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Author Topic: Compression / Expansion on Vocals  (Read 1910 times)

Mike Ferrand

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Compression / Expansion on Vocals
« on: April 07, 2011, 02:46:24 pm »

Hey all,

This is my first post here.

I am in a five piece band.  We generally do our sound from the stage, sometimes we have a sound man.  All of us sing so there are five vocal mics.  I am wondering if we could use a compressor / expander to control how much of the drums and instruments 'leak' into the vocal mix.  Right now it is quite a bit.  We generally play small venues so we are not mic'ing the instruments.

So it would work like this.  When no one is singing the expander is effectively turning down the mic's.  When someone is signing the compression is kicking in.  Is this the best way to deal with this?  Any suggestions on a box that would do this?

Cheers, Mike
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g'bye, Dick Rees

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Re: Compression / Expansion on Vocals
« Reply #1 on: April 07, 2011, 03:02:00 pm »

Hey all,

This is my first post here.

I am in a five piece band.  We generally do our sound from the stage, sometimes we have a sound man.  All of us sing so there are five vocal mics.  I am wondering if we could use a compressor / expander to control how much of the drums and instruments 'leak' into the vocal mix.  Right now it is quite a bit.  We generally play small venues so we are not mic'ing the instruments.

So it would work like this.  When no one is singing the expander is effectively turning down the mic's.  When someone is signing the compression is kicking in.  Is this the best way to deal with this?  Any suggestions on a box that would do this?

Cheers, Mike

As a sound guy out front I often end up having to do this.  However, I would not be in a hurry to do it from the stage as this type of setup needs supervision and is not exactly a "set it and forget it" kind of thing.  You might find some benefit from it and it shouldn't hurt if it's a little off.  But the first thing to do is to keep the unwanted sound from the mics in the first place.  Pointing the amps ACROSS the stage rather than towards the house will help.  Tilting them back to point at the players ears will help even more once you've got them "cross-stage".  You can also make up some small plexiglass panels to mount on old mic stands or wire tripod music stand bases to put between the cymbals and the vocal mics.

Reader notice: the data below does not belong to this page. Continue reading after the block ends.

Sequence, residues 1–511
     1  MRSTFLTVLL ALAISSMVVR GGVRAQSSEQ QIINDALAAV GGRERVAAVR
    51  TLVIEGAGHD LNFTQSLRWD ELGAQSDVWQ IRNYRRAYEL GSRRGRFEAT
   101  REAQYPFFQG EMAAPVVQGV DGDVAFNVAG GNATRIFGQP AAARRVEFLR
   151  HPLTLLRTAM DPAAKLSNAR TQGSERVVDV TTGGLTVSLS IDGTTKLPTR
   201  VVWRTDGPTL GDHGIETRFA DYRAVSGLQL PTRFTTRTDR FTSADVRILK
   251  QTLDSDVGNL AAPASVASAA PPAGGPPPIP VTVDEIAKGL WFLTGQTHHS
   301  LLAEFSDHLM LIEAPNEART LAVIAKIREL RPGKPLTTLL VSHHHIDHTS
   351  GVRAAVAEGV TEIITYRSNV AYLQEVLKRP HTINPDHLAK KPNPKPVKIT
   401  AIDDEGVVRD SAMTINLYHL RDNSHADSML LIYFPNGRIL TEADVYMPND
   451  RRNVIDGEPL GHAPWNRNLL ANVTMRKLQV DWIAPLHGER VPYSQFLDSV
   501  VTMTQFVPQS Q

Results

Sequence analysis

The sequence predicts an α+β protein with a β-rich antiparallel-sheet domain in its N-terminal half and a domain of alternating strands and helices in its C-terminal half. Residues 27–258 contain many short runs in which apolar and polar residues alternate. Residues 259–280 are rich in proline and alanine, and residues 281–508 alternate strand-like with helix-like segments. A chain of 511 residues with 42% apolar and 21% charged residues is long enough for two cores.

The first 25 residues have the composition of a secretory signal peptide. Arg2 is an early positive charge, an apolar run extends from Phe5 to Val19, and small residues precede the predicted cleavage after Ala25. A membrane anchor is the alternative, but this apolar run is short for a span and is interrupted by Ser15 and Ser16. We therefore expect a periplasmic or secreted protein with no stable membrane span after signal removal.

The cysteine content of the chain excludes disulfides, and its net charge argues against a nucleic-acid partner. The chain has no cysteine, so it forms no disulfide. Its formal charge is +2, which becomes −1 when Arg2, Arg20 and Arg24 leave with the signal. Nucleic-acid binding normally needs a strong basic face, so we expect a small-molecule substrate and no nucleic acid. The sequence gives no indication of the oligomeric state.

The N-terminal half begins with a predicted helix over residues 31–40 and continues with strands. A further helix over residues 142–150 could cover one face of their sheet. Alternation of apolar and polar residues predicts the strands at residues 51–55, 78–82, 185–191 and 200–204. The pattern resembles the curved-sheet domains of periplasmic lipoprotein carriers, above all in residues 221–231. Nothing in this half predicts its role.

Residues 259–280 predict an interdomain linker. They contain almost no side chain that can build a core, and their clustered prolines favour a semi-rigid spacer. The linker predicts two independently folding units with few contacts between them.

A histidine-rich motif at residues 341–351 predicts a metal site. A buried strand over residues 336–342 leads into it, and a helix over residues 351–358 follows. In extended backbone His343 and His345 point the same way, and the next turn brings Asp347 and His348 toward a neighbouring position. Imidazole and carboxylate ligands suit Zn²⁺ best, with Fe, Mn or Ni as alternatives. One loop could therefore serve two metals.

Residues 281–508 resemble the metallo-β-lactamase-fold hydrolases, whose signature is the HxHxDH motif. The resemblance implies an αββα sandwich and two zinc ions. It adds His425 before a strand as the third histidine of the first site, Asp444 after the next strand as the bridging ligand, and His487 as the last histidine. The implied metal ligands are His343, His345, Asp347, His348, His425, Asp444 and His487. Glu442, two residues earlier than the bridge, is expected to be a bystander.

Getting control of your on-stage volume is the key to success in so many ways.  Cleaner mix for the audience, fewer technical "band-aids" and so on.


Good luck.
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John Roberts {JR}

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Re: Compression / Expansion on Vocals
« Reply #2 on: April 07, 2011, 03:39:54 pm »

Hey all,

This is my first post here.

I am in a five piece band.  We generally do our sound from the stage, sometimes we have a sound man.  All of us sing so there are five vocal mics.  I am wondering if we could use a compressor / expander to control how much of the drums and instruments 'leak' into the vocal mix.  Right now it is quite a bit.  We generally play small venues so we are not mic'ing the instruments.

So it would work like this.  When no one is singing the expander is effectively turning down the mic's.  When someone is signing the compression is kicking in.  Is this the best way to deal with this?  Any suggestions on a box that would do this?

Cheers, Mike

I'm not sure it would quite work that way. Some compressors have a built in noise floor downward expander, but the problem is the drum wash sounds just like a vocal to the dumb audio electronics.

You need to get the stage wash under control, using something more fundamental, like Dick's suggestion.

JR

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Patrick Tracy

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Re: Compression / Expansion on Vocals
« Reply #3 on: April 07, 2011, 04:30:01 pm »

Stage practices will solve your problem better than any processor. Use inverse square law to your advantage: sing with lips touching the grill if you aren't already. Moving as little as 3/4" off the grill raises the relative level of the bleed by 6dB.

There has to be a significant level difference between the vocal and the bleed for the gate to work. If bleed is so bad that you are tempted to try to gate it you probably can't gate it without affecting the vocal.

Mark Chrysostom

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Re: Compression / Expansion on Vocals
« Reply #4 on: April 07, 2011, 04:34:41 pm »



There has to be a significant level difference between the vocal and the bleed for the gate to work. If bleed is so bad that you are tempted to try to gate it you probably can't gate it without affecting the vocal.

And nobody likes it when the beginning and end of every word is cut off...
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Re: Compression / Expansion on Vocals
« Reply #4 on: April 07, 2011, 04:34:41 pm »


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